A green card can be obtained by working with a US employer; there are different categories, and of course, different requirements.  These categories include priority workers such as outstanding professors and researchers, people with extraordinary ability and multinational manager and executives; professionals with advanced degrees; skilled workers and special immigrants.   

The five categories of employment-based immigrant visas: 

  • EB-1: Priority Workers 
  • EB-2: Professionals with Advanced Degrees or Exceptional Ability 
  • EB-3: Skilled Workers, Professionals, and Unskilled Workers 
  • EB-4: Special Immigrants 
  • EB-5: Investors 

Generally, the US employer will sponsor the green card petition.  For example, qualified H-1B employees can obtain green cards if their employer applies for their labor certification and files the I-140 petition to sponsor them, mostly under the EB-2 or EB-3 classification.  However, these particular categories have historically had long wait times.  A quick path to green card is available to certain L-1 employees – a managerial or executive can be sponsored for a green card by their US employer under the EB-1 category; in this case the employer can directly file the I-140, bypassing the labor certification process.  The wait times to obtain a green card under this route have been significantly shorter than those of the EB-2 or EB-3.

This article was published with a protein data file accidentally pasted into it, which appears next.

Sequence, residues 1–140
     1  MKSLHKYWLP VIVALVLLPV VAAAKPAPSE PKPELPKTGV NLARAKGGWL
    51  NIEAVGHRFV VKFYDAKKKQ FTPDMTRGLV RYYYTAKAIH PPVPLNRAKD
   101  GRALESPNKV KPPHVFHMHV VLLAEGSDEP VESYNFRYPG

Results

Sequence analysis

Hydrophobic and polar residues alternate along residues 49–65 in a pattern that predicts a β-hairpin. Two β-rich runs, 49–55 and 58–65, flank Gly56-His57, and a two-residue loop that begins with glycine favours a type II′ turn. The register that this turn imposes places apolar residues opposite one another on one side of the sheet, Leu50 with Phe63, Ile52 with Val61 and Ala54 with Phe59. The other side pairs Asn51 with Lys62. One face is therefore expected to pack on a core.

The two employment-based immigrant visa classifications which permit self-petitioning by foreign nationals are the EB-2 – National Interest Waiver, and EB-1- Extraordinary Ability.  So, if you are a musician or an athlete who’s attained national or international fame may apply for an EB-1 visa without needing a US job offer.  Similarly, a foreign national who can demonstrate that their work is of substantial intrinsic merit and national importance for the US can apply for an EB-2 visa without a US sponsor. 

  1. Through Investment: